App review: Reeder for iPad

I already mentioned Reeder in the top 5 apps of 2010, but it definitely deserves a dedicated review. Reeder is a no-nonsense RSS reader for the iPad that is designed completely around Google Reader, the most used RSS service out there at the moment. It gives you a clear picture of what’s going on and the ability to go through feeds fast, unlike some of the other RSS readers out there that focus more on laid-back, casual RSS users.

Reeder [$4.99] is known by many as the no-nonsense alternative to apps like Pulse [Free], Flipboard [Free] and The Early Edition [$4.99]. These three use a lot of animations, fancy layouts and pictures to present RSS feeds in a way that makes it more like reading a magazine, a laid-back experience that you do for pure enjoyment. Reeder on the other hand is designed for those who wake up to several hundred news stories each morning and need to get through them fast to see what’s new and important. Reeder’s main screen does use site logo thumbnails to present the feeds like how the photo album shows thumbnails and you can even pinch these thumbnails open to view the content, but that’s as far as the fanciness goes with Reeder. Once you’re viewing a feed (or all of them) you get a list of articles and a window displaying them.

In portrait mode, the window displaying feeds puts itself on top of the list of articles, so you have to go back in order to view the article list. However in landscape mode, the added horizontal screen real-estate makes room for having the list of feeds and the currently viewed article in the same frame. This is basically exactly how the iPad’s email app works in landscapa and portrait, so it should be familiar to any iPad user. I would say that the landscape view is by far the most useful if you want to go through a lot of feeds as you can hold the tablet up and scroll the list using your left thumb and scroll the article using your right- no hunting and pecking to navigate. You can even mark single articles as read/unread or starred/unstarred by sliding the entry in the article list left or right respectively. This two hand, two thumb style of navigating is excellent and is part of what makes Reeder so quick and easy to use when you have a lot of feed to go through.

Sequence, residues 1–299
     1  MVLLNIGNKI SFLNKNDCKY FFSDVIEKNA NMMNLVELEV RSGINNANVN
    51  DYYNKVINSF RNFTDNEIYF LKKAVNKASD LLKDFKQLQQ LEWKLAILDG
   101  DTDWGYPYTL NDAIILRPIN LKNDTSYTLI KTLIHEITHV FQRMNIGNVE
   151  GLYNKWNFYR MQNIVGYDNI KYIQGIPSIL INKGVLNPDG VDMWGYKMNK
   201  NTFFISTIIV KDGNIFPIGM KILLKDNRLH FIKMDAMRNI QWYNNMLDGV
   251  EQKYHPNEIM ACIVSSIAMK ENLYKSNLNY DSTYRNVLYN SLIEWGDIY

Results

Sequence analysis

If you do need more controls, those are located at the top of the article frame. You can adjust font size, star/unstar, share/unshare (Google Reader feature), mark as read/unread, enter readability mode (basically removes pictures) or open a menu with more options. There are 14 different options in this menu, including adding a note, copy link, open in Safari, mail link/article and use the article with an external service; Delicious, Pinboard, Zootool, Instapapaer, ReadItLater, twitter, Facebook and Mobilizer are all supported. That’s an impressive array of services and very useful to have.

You can also open the URLs of the articles in an internal web browser, which is faster than switching between reeder and Safari. Many sites don’t show you the whole content in the RSS feed, in which case you often have to use this feature to be able to view anything at all. This is something sites do to make sure you visit the site and see the ads and that is perfectly understandable, but the result is that often you skip those articles and hope it’s on another site instead, since normal websites are a lot more bloated and heavy to load than the RSS of the article. The built in browser works fine though but no tabs means that if you start “running off” (following links etc) from the article when using this web browser you quickly notice it’s not Safari.

Reeder is definitely not the most visually stunning app out there, but for RSS addicts it can be a life saver. In fact it’s so popular that someone ripped off the app design completely, duplicating it to every single detail and releasing as a new app. That sort of behavior is of course not tolerated and I won’t even say the name of the app, and it was even blocked from a few major services that Reeder support because of this. Reeder is definitely worth the $5 they’re asking for it if you go through a lot of feed, especially if you already have a Google Reader account (which is required). If you just like to check the occasional feed, you might want to try one of the free readers.

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Andreas Ødegård

Andreas Ødegård is more interested in aftermarket (and user created) software and hardware than chasing the latest gadgets. His day job as a teacher keeps him interested in education tech and takes up most of his time.